Monday, February 25, 2008

Pachauri prescription to fight global warming

India and China need to chart a different path to develop low carbon economies to combat global warming, Nobel Laureate and chairman of the UN Intergovernmental Panel on Climate Change, Rajendra Pachauri said.

"In per capita terms, India and China are way below the US and North America. But a quite apart from that, China and India have to chart a new path. The developed country experience has proved disastrous for variety of other reasons energy security for one thing, local pollution another," Pachauri said in an interview to a news magazine.

In both India and China, there is now a serious debate. "In India I can see it for sure because the prime minister is quite concerned about this issue. He set up the advisory council on climate change," he said.

"Similarly in China, there's a China council for international cooperation on the environment and development, of which I am a member. There's now a serious effort to look at a low carbon economy in China," Pachauri said in an interview in Newsweek.

Pachauri said he is "very optimistic" that world is ready to tackle the climate change because of awareness has increased in the last 8 or 9 months ever since Panel's reports have started coming out.

He did not endorsed the view that the US administration is still a laggard and said, "I would say there is clearly a very detectable shift on the part of this administration.... Irrespective who's in the White House, I think the next administration will have to be far more proactive on climate change than we have seen so far."

In a write up, Newsweek noted that when Pachauri was named to head the panel, former US vice-president and climate change activist Al Gore had criticised him as "let's-drag-our-feet candidate".

But crusading Gore was quickly proven wrong as Pachauri has loudly campaigned for changes in environmental policies, and the series of voluminous IPCC reports released this year have essentially put an end to the scientific debate over global warming, the magazine said.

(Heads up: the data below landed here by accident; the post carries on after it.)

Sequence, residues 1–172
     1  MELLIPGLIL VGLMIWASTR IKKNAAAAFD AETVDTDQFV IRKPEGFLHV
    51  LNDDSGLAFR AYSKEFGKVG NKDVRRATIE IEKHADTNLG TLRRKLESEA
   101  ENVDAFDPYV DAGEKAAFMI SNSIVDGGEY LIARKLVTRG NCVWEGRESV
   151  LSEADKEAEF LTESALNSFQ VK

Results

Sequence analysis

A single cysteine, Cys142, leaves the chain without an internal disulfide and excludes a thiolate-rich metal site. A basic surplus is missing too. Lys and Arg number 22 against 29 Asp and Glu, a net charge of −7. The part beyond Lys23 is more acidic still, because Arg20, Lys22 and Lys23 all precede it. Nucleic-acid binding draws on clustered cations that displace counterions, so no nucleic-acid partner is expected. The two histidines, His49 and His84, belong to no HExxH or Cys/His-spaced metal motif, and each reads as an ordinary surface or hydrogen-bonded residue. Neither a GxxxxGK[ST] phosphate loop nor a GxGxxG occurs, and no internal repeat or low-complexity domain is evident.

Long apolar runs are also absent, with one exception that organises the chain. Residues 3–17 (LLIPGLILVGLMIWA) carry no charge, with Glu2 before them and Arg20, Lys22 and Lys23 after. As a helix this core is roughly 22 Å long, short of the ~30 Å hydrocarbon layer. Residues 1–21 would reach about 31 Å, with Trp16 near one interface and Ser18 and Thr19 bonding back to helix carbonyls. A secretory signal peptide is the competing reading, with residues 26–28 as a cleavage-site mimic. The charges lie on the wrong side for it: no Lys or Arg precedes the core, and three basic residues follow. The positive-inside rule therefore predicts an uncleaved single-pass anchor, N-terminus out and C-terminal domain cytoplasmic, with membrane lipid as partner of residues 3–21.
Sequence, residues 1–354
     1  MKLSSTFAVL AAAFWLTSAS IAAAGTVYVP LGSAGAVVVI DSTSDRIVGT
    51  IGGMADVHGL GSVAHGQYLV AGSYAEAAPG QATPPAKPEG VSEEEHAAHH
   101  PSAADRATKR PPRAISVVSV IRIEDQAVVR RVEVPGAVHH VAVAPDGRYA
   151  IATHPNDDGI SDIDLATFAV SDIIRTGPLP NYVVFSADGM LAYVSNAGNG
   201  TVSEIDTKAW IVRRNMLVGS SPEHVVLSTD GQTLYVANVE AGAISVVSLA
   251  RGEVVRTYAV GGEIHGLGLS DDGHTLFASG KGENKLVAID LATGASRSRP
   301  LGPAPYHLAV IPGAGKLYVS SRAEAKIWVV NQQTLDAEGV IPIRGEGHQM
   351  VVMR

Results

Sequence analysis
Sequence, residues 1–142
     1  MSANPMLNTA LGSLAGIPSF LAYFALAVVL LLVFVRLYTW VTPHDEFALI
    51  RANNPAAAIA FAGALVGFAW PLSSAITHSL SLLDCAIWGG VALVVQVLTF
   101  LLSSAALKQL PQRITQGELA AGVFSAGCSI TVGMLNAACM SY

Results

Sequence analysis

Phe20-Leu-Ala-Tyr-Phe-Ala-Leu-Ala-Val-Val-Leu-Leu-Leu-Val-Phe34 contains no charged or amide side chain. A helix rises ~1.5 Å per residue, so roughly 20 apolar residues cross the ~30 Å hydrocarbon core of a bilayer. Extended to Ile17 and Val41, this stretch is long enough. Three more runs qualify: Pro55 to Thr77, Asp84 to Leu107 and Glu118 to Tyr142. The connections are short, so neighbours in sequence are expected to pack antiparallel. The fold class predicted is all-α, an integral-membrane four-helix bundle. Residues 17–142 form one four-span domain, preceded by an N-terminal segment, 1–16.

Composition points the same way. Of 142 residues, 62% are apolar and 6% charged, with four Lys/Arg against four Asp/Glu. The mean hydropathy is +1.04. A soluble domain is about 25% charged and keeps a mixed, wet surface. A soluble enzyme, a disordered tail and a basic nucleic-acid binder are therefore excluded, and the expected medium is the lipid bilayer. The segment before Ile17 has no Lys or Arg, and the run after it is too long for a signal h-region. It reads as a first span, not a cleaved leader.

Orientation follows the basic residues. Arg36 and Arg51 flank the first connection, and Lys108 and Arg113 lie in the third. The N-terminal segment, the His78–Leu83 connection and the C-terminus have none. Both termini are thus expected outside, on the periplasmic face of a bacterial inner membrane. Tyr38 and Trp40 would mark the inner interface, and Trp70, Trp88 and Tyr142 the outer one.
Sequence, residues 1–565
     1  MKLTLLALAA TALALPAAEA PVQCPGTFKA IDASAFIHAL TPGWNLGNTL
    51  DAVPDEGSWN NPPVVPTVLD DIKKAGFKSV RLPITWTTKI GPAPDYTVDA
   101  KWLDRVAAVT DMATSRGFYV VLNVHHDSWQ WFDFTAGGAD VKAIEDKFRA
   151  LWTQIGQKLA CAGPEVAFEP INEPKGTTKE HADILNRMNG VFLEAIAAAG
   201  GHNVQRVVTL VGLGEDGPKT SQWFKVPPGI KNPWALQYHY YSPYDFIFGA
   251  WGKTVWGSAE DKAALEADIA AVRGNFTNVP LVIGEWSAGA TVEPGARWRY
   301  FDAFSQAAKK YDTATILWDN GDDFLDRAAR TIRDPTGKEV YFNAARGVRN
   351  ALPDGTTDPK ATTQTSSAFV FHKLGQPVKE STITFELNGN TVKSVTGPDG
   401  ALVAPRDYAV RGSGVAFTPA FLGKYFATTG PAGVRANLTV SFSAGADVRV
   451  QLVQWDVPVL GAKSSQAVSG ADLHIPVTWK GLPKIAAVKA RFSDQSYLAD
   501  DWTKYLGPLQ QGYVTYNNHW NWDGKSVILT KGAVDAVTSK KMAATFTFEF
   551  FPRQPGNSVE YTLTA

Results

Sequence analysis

Debunking the contention of high cost involved, Pachauri said, the cost to global economy in 2030 will be less than three per cent if concentration of greenhouse gases is to be stabilised at the level that would limit increase in temperature to 2 to 2.4 degrees Centigrade.

"Now, that really means that the level of prosperity that we are going to reach in 2030 may, at best, be postponed by 8 or 9 months. That's certainly not a high price to pay. If you're going to translate this into annual cost, it's only 0.12 percent of the GDP," he told the magazine.

As far as coal is concerned, he said, technological innovations are needed, like the gasification of coal that could improve the efficiency of the whole society.

"And, as you know, even the US is now spending money on this technology that will essentially allow capture of carbon dioxide and storage. I think what we really need much more is expenditure on research and development," he added.

He said he expects the private sector would invest in these things if there is a price on carbon. "In our findings, we have clearly highlighted the importance of keeping a price on carbon. If one were to do that, then you would see the world moving towards a low carbon economy without any disruptions in the economic system."

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